New Transparency Act

The Norwegian parliament adopted the Transparency Act

Social sustainability: New Transparency Act will require companies to actively identify and manage negative influence on human rights and working conditions.

New Act adopted

The proposition for a new transparency act has this week been discussed by the Norwegian parliament, and the proposal was adopted. The objective is to enhance the respect of companies for fundamental human rights and decent working conditions. Furthermore, it will ensure public access to information on how companies handle these issues.

What companies will the new Act apply to?

Duties under the Act will apply to “larger” Norwegian companies that offer goods and services in Norway and abroad. In other words, the majority of companies. It will also apply to foreign companies that are taxable in Norway

A “larger” company is as defined by the accounting act.

What impact will the Transparency Act have on larger companies?

In recent years, awareness of companies' responsibility for working conditions and the fundamental human rights for workers who are part of long supply chains has increased. The issue has been on the agenda for some time, and international measures such as the UN Principles on Business and Human rights (UNGP) and the OECS`s guidelines for multinational companies have been implemented. These are guidelines that many companies are already familiar with and adhere to. The Transparency Act is not meant to replace the guidelines. Instead, the guidelines and the Act are meant to complement each other.

The guidelines are considered “soft law”, which means they are not legally binding. Violation of the obligations under the Transparency Act will, however, lead to sanctions from the Norwegian Consumer Agency as an infringement fine or coercive fine.

The Transparency Act will in short terms impose the following on companies:

  • Duty to carry out due diligence assessments.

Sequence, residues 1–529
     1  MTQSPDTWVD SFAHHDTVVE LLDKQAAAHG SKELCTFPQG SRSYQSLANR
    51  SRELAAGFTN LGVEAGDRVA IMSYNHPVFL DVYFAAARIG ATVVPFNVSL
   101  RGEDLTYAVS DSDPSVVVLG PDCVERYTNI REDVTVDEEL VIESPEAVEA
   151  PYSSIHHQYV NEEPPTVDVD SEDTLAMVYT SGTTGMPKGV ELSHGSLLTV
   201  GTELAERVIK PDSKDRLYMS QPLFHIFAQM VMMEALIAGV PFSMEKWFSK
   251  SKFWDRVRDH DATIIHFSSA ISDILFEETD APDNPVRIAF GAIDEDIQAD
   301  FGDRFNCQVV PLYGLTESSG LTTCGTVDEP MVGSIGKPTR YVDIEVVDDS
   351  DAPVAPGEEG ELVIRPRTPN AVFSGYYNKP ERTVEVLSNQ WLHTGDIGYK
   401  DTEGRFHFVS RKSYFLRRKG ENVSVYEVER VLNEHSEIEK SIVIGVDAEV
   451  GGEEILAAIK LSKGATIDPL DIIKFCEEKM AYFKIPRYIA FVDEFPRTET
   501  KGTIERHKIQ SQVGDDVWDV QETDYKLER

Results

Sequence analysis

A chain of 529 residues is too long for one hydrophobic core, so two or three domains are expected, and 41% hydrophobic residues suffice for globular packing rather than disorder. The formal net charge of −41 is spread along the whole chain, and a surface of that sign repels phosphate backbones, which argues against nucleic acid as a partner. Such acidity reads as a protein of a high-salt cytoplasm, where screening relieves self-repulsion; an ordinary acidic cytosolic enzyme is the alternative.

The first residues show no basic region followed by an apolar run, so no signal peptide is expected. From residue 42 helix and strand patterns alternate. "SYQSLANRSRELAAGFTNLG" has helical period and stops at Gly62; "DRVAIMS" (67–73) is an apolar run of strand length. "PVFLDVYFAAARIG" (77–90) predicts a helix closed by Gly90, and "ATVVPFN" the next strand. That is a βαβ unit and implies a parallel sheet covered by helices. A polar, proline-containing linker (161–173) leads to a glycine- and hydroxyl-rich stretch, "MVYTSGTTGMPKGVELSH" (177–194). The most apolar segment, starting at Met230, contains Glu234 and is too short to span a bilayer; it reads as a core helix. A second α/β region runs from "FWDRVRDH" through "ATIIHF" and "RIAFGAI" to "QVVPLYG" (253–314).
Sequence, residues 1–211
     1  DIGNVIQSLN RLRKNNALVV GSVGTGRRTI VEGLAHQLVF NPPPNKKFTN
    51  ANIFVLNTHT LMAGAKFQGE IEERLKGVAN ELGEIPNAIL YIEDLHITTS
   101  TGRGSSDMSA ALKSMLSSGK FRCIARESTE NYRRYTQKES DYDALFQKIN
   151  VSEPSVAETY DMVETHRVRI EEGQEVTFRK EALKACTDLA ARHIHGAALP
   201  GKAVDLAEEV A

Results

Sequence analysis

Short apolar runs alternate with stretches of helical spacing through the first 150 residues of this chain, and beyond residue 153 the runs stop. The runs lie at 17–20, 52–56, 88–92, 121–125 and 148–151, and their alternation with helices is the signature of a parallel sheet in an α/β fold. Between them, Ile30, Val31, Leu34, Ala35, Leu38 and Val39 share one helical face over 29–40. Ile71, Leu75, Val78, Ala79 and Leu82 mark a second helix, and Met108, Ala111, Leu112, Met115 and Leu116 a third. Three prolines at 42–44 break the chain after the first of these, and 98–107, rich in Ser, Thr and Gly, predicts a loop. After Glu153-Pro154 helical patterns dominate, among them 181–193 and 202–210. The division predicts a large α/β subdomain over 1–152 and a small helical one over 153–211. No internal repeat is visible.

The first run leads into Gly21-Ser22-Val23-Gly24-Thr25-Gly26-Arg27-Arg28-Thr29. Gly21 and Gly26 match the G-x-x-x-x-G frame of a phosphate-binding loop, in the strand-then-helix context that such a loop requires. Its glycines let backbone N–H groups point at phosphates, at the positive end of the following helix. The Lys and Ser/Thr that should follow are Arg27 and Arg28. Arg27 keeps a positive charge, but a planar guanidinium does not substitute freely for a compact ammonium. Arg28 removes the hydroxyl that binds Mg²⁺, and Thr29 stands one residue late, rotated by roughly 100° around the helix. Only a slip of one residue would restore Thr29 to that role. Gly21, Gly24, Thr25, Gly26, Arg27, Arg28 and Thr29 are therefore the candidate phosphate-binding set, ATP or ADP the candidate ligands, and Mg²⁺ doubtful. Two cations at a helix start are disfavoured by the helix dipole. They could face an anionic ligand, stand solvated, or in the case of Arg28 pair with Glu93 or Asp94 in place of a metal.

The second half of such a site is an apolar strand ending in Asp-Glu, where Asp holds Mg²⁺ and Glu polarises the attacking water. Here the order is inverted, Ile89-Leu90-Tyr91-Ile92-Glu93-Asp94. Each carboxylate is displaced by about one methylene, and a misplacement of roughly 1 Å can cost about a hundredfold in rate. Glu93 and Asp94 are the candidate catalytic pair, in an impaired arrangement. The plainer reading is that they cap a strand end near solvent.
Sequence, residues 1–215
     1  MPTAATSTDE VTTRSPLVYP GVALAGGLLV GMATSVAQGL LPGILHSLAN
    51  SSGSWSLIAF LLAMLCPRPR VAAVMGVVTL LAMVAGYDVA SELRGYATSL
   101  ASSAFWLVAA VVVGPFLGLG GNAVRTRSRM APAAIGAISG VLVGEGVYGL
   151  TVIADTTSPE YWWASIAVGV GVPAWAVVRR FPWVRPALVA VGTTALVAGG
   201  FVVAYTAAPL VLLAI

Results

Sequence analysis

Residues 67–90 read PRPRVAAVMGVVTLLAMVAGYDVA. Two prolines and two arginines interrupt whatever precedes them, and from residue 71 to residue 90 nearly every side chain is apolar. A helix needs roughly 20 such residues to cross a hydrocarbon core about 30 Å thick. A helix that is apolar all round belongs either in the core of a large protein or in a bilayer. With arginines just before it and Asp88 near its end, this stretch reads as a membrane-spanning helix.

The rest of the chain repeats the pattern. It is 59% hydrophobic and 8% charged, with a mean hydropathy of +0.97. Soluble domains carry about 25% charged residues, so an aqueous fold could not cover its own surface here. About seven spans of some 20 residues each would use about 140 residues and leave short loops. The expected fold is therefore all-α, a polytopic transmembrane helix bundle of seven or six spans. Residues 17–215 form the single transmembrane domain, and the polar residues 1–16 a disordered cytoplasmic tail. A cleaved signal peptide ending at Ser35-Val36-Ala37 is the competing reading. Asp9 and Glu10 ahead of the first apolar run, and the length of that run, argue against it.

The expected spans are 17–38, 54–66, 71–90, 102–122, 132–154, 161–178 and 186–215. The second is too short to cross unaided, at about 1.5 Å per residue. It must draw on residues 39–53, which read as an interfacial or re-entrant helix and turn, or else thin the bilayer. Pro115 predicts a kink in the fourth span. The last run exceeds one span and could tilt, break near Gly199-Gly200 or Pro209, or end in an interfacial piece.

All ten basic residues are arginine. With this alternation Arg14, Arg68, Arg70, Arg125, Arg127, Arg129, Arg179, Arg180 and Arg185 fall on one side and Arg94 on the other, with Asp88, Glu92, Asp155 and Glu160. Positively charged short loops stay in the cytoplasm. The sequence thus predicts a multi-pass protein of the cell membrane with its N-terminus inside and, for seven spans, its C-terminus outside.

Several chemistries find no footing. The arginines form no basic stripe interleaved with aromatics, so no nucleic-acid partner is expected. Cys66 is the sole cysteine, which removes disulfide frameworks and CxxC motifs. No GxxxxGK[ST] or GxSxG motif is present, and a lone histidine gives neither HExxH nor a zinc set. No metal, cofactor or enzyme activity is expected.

• A duty to account for the assessment
  • A duty to provide information to anyone requesting it (with a few restrictions)

Due diligence assessments

Duty to carry out due diligence assessments for companies pursuant to section 4 shall be performed in accordance with the OECD's guidelines for multinational companies. The assessment criteria are thus dynamic, so that it becomes important to stay up to date on any changes of these guidelines.

Assessments must be made on a regular basis, and entail:

  • To include accountability in company guidelines
  • Mapping out actual and potential negative consequences for fundamental human rights and decent working conditions when there is a connection between the company and the hazard
  • Implement measures to prevent or limit negative consequences. Measures and results have to be followed up
  • Communicate with affected interested parties about how negative consequences have been handled
  • Provide or cooperate on recovery or compensation when needed.

How comprehensive the due diligence assessment will be depends on, among other things, the company's character, and context.

The OECD's introduction and guide will form a good starting point for the assessments. The Consumer Agency as the control authority for the Transparency Act will also have a guiding function. It will be important during the starting phase to establish an effective system for due diligence assessments, and legal assistance could be useful.

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